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Emefa Cole

Emefa Cole

Independent experimental jewellery artist and designer-maker Emefa Cole was born in Sunyani, West-Central Ghana in 1979 to a Ga mother and an Ewe and Ga-Dangbe father. Moving to London when she was 12-years-old, she graduated from London Metropolitan University’s Cass School of Art in 2011 with a BA (Hons) in Silversmithing and Jewellery. Upon graduation, she launched and built her company: envisioning and bringing to life wearable art which employs subtlety in honouring its inspirations and considered tasteful understatement in its craft.

Designing after Earth’s sweeping geological processes in concert with time and the artefacts of her recollections, Emefa uses 100% recycled metals and stones sourced directly from African gem cutters to forge distinctive body adornment that dares to be quiet in its boldness, sculptural yet flowing, tactile yet intangible, luxurious yet subversive, and gilt yet natural.

Herstory
The genesis of the designer can be pinpointed to a childhood fascination with jewellery, precious metals, and stones of the Earth, where girlhood awe flowered into an enrapturement, a bottomless admiration, and a depthless love affair. Growing up in Ghana, Emefa was utterly enthralled by the local folklore surrounding tales of people unearthing gold nuggets exposed by heavy tropical rains; the spectacle of gold winking from the soil’s confines so fixed in her mind that a mythology around unveiling Earth’s treasures holds court and pervades her work to this day. More formative interactions with jewellery include both creation and purchase–stringing Job’s tears (seeds that grow on long grass plants) to construct necklaces, and choosing her own jewellery for the first time: a glorious pair of gold studs set with stones red as pigeon blood.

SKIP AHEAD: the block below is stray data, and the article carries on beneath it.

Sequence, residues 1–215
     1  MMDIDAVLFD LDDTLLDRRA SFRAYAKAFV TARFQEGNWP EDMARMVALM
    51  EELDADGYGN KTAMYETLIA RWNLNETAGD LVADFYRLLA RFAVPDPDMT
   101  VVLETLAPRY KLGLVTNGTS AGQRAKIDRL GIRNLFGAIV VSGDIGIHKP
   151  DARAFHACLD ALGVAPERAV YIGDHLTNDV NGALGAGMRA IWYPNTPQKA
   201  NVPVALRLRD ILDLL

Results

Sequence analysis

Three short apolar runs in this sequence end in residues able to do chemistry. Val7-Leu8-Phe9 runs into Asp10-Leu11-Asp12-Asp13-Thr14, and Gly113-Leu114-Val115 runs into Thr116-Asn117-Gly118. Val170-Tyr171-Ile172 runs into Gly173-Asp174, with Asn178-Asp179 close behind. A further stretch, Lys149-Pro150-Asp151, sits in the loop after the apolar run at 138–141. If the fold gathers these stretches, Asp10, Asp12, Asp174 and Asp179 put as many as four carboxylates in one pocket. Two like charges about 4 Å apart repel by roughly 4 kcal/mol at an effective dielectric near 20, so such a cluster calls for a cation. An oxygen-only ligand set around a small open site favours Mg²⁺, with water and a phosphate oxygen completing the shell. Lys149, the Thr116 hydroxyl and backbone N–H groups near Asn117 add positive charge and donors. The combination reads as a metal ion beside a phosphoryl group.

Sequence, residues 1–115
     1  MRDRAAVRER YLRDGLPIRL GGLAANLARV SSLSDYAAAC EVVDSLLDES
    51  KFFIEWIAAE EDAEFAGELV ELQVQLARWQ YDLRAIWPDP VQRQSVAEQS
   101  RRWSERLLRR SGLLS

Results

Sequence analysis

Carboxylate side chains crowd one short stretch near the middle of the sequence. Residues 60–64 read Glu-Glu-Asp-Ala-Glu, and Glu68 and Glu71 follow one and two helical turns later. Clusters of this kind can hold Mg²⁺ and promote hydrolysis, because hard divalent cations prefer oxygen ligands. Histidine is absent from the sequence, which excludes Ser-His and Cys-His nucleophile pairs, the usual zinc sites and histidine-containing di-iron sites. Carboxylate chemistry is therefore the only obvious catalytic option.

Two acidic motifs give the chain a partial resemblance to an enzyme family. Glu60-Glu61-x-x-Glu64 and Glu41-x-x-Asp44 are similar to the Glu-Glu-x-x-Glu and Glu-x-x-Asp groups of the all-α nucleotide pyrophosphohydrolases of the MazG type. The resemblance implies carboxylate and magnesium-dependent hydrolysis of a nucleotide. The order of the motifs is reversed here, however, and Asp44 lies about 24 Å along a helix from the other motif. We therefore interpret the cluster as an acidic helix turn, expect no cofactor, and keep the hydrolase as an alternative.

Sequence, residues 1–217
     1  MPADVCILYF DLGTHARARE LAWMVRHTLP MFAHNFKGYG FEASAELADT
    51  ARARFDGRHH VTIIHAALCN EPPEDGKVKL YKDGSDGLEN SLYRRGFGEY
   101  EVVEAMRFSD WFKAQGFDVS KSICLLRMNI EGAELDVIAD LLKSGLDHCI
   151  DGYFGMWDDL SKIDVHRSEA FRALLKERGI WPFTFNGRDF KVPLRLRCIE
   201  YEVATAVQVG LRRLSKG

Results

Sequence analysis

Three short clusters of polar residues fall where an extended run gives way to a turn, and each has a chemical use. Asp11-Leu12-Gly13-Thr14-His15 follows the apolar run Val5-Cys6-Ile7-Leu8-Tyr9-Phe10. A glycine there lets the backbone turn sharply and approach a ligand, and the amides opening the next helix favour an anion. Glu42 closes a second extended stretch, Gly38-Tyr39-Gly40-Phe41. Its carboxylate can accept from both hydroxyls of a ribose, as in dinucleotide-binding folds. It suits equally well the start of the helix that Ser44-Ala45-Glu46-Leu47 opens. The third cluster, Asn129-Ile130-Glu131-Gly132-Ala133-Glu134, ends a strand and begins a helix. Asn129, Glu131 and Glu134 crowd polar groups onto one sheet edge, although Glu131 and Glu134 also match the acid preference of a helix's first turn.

Design inspiration
This abounding heritage, and early connection to her homeland and artistry form one theme of Emefa’s work, with influences coming from across western Africa–a place rife with master goldsmiths. She, in turn, meditates on the notion of belonging, how belonging to a place is always in flux, and how one always brings snatches of a place with them on their migrations. The Dzonu series is naturally linked to this as it is an homage to the intrinsic role of beads in Ghanaian culture, in Emefa’s life, and her family’s history.

The other major theme is based on the beauty of creational tenets underpinning natural phenomena typically viewed as destructive, and nowhere is this more sublimely manifested than through the Vulcan series. Here, Emefa celebrates the wonders of volcanology, and the products of volcanoes and their activity, as well as the colours, textures, and tones they rend into the landscape. The Erosion series is a foil to Vulcan and a link to the gold nuggets of Emefa’s childhood. Its inspiration lies in the quiet, continual natural process shaping the planet.

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